• It might be printed on an offset press. This is a method used for higher production volumes. Some offset presses are sheet fed, meaning the paper comes to the printer as large sheets on a pallet, and the press lifts one sheet at a time off the stack. Some offset presses are web presses, meaning the paper comes on a continuous roll and is cut into sheets at the delivery end of the press, after it is printed. Web presses run at higher speeds than sheet-fed presses. They are often (not always) less precise.
  • And there are a variety of other technologies, including high-speed inkjet web presses on one end of the spectrum and slower-than-molasses Espresso Book Machines on the other end (the kind you can see in a large bookstore where you bring in your own book on a thumb drive and they print it for you).

The printing technology can have an effect on quality, so if you pick up a book to apply the criteria below, know that a different copy of the same book, sold through a different channel, might have been produced differently. (Was it purchased by clicking a link on Amazon? Was it purchased at an airport bookstore? Was it purchased at a chain bookstore? An independent bookstore? Direct from the publisher?)

In addition, there are several ways a book might be bound.

  • Softcover (available in several configurations)
  • Cloth (hardcover with cloth-covered boards, available in several configurations), with or without a dust jacket
  • Image-wrap (hardcover with an image printed on it)

With that preamble, and with a stack of books of varying ages and categories in front of you, here are the factors you should practice observing:

  • Pick up the closed book and look at all three cut edges. Are the pages flat or are they wavy? Is the book rectangular (check with a square)?
  • Lay the book on a table. If it’s a softcover, does it stay closed, or does the cover curl up? If it’s a hardcover, is the cover flat against the book or arched? How does the thickness and stiffness of the cover compare with other books of the same general type?
  • Is the design of the cover appropriate for the book’s genre?
  • Is the cover attractive? Is it executed well? Does it look professional? Does it include all the text and graphic components expected for the type of book it is (shelving category on the back cover, bar code, publisher name)? Is the author’s name spelled correctly? Does the title on the cover match the title on the title page?
  • Open the book to the middle. If it’s a softcover, is it a perfectbound book (pages glued to the spine) or does it open flat (cover separated from the back of the pages). If it’s a hardcover, does it lie flat or snap closed?
  • Is the paper a pleasing color, texture, and weight, or does it seem a bit off, a bit too cheap?
  • Grasp a single leaf in the middle of the book and hold it up to a light. Is the type on the back of the page perfectly aligned with the type on the front of the page? That is, are the margins identical at the top and outside, or is one page just a smidge above or to the outside of the other? This is called backup; and if they’re not the same, the flaw is called a backup error.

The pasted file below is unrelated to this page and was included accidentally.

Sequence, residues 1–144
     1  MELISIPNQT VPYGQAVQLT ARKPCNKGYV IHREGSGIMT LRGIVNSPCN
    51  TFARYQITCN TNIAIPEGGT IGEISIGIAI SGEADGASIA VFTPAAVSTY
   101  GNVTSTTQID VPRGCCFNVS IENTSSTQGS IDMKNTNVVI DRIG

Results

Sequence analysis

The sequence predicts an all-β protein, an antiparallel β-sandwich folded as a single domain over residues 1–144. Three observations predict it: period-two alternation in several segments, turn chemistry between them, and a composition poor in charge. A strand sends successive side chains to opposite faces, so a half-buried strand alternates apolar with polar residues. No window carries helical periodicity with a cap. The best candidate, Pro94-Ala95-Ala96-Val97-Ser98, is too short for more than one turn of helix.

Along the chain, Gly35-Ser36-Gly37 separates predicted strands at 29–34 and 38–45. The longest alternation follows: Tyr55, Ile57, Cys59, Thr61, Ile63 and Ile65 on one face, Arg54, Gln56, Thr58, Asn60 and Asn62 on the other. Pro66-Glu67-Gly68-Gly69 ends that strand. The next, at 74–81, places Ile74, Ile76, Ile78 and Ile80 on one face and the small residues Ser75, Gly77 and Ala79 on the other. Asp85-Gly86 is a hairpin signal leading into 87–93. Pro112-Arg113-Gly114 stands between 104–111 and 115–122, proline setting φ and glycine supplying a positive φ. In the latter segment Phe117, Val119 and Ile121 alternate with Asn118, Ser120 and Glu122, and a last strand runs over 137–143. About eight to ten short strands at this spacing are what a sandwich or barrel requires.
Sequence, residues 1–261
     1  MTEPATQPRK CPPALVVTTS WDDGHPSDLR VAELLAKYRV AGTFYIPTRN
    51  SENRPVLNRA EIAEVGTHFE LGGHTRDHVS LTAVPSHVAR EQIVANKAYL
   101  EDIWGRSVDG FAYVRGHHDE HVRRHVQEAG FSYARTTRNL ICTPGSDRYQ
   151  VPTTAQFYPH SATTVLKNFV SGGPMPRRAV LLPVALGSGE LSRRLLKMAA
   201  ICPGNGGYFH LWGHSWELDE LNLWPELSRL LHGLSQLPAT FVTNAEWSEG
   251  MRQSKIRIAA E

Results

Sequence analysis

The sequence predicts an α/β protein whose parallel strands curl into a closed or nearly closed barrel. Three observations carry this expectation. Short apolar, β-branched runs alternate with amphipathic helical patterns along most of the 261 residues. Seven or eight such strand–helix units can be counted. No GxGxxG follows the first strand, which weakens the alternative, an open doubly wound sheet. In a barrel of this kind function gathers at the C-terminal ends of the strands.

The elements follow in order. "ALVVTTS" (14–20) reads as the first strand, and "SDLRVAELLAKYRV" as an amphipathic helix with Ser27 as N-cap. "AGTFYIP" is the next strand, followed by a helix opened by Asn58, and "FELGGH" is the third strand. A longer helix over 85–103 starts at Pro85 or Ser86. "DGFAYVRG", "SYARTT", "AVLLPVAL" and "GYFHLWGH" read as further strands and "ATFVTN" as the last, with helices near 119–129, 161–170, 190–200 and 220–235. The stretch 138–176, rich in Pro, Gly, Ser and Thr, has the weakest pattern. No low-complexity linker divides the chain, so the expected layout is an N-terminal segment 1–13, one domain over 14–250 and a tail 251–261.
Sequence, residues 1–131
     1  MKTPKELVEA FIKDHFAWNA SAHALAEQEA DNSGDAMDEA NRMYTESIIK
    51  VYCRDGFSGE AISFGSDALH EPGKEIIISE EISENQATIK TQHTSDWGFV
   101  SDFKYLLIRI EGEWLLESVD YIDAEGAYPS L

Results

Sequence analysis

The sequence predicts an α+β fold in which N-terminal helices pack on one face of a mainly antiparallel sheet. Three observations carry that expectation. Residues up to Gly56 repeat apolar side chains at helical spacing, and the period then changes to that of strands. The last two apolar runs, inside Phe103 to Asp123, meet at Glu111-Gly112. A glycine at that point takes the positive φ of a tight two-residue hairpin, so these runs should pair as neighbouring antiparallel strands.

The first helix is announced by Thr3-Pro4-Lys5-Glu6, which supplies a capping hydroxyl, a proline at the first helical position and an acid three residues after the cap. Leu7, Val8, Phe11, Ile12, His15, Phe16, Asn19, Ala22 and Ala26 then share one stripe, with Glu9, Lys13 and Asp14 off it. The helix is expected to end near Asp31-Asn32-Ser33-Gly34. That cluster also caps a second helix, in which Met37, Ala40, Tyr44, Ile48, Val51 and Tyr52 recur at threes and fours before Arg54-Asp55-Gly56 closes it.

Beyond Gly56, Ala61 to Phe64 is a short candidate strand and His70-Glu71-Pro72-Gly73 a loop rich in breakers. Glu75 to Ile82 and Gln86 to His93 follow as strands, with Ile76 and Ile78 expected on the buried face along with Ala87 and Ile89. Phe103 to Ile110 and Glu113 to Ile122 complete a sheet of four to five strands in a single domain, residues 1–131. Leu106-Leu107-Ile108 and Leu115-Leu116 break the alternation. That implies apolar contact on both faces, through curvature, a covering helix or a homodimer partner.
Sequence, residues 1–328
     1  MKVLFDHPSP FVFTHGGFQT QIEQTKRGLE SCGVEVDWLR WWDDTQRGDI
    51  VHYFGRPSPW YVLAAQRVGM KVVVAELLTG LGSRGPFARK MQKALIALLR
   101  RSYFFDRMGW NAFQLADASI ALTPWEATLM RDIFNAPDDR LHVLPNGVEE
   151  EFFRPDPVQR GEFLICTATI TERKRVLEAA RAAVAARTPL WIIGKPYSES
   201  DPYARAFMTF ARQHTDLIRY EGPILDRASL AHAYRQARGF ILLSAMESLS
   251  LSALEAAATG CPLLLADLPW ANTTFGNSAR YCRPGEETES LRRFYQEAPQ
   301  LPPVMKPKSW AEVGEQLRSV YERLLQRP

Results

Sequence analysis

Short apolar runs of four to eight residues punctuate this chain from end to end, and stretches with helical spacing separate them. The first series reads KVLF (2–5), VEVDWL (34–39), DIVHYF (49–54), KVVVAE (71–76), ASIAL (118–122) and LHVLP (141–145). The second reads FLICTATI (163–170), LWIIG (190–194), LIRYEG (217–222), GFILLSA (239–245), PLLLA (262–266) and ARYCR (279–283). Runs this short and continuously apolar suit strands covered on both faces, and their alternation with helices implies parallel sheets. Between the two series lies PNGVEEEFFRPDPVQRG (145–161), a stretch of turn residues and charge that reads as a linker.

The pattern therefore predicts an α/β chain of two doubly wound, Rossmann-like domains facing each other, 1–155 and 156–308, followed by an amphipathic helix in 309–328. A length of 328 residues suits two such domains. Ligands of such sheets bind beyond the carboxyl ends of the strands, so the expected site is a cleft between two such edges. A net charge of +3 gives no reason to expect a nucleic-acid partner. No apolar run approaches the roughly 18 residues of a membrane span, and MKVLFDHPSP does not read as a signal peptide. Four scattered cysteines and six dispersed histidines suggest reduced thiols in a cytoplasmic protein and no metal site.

• Now riffle through the whole book, keeping an eye on the running head (top line of text). If it moves up and down as you flip the pages, this is called head bounce. Riffle again, watching the outside margin for edge bounce.
  • Do the lines of type within the page exactly back up? This is only checkable if the two pages are just straight paragraphs of text. A lazy designer may feather the lines apart on one page to make the bottom margins align, but this is a serious design no-no.
  • Now look at a page overall. Do the margins seem well proportioned and ample, or is there too much type crammed on the page for comfortable reading?
  • Half-close your eyes so you’re looking through your lashes at a blurred page. Is the rectangle of type a uniform gray, or is it spotty, with light areas and dark areas?
  • Do facing pages balance (come to the same depth, so the bottom margins are the same across the spread)?
  • Are there widows (last line of a paragraph at the top of a page) and orphans (first line of a paragraph at the bottom of a page). Orphans are generally permissible in fiction, so you wouldn’t deduct points there.
  • Looking at the type a bit more closely, are there ladders (three or more lines in a row that end with a hyphen), stacks (two or three lines that begin or end with the same word), rivers (noticeable streaks of white where the word spaces on several successive lines happen to line up), pigeonholes (huge word spaces), runts (very short lines at the end of a paragraph), bad breaks (hyphenated compounds where one of the components is also hyphenated at the end of a line; words misdivided at the end of a line; awkwardly broken names, and so forth)?